Half-way home

Well, tomorrow marks the half-way point in our mission—we will have been serving in the Congo for nine months (of an 18 month mission). Of course, we have mixed emotions.
The time has flown by rapidly, and I’m sure will simply go faster on the ‘down-hill’ side… But we have done a lot, and learned a lot, and look forward to some interesting experiences!

For example, in the next two weeks will begin an interesting transition here in the mission office. Brother and Sister Eastman leave for home, and we have two single sisters coming at the same time (they will be staying where the Eastman’s have been living). This means someone will have to take over Sister Eastman’s job (she acted as an unofficial office manager here, and was the one who coordinated the visit of Elder Bednar and entourage); and I will have to pick-up all of Elder Eastman’s work (he and I worked together with Emanuel with the missionary apartments). I am already busy now…so I have no idea how I will do more—but I’m sure it will all work out, with Emanuel’s help.
Terri is already up to her ears in work, between the medical advisor for the mission and aiding Elder and Sister Wright with phones and other tasks. The President has told her she is NOT to pick-up any more work (easy to do around here!).

Of course Elder and Sister Wright are now less than six months from leaving us—but he will be able to finish the BIG project he has been working on: being able to pay missionaries by transferring money over their phones (rather than in cash). For a time he did not think he would be able to get it done, there was so much bureaucracy and paperwork to do…but he persisted when most others would have given up, and it is finally up and running! By the time he leaves I’m sure all the bugs will be worked out and the new system will be humming right along.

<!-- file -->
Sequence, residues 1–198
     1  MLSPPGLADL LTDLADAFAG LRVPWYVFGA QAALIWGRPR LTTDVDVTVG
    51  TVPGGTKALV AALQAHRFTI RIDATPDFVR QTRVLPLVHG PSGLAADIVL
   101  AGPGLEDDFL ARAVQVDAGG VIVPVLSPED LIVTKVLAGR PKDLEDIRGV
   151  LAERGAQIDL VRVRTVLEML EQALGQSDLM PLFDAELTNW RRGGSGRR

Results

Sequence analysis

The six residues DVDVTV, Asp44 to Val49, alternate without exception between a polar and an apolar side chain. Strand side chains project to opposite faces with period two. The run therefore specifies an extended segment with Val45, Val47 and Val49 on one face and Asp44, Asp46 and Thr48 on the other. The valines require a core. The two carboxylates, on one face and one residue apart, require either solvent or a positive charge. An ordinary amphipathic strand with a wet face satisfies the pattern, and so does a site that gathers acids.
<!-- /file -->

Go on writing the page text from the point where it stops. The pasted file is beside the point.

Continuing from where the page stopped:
So in April (?) The Wrights leave, and soon after the McMullins finish their mission, which means a new mission president will be coming here—and Terri and I will be here to see and aid in that transition! About six weeks after the new mission president arrives, we will leave for home.

I can already tell how busy we will be and how fast time will go. We have been fortunate: although they consider this a ‘hardship’ mission, we have not had a lot of hardship living in Lubumbashi. The couples living in the outer cities like Kananga or Mbuji Mayi have a much harder time all the way around.

Although…our water has been off for a few days (sponge baths and bidons), and or our power has been out (it is few and far between when BOTH are working right), but in other areas they only get a few hours a day of electricity and have little or no water! It is just part of the Congo experience.

Anyway, it has been a great mission so far, with lots of good things to look forward to. We do get homesick sometimes (which is new for us, having been ‘on the road’ for over ten years), but the work always pulls us back into focus so that we can serve the Lord with strength and commitment.

Happy Thanksgiving to all of you (they don’t celebrate that here, remember?). I suppose we will celebrate the holiday by having a Congo turkey: chicken.

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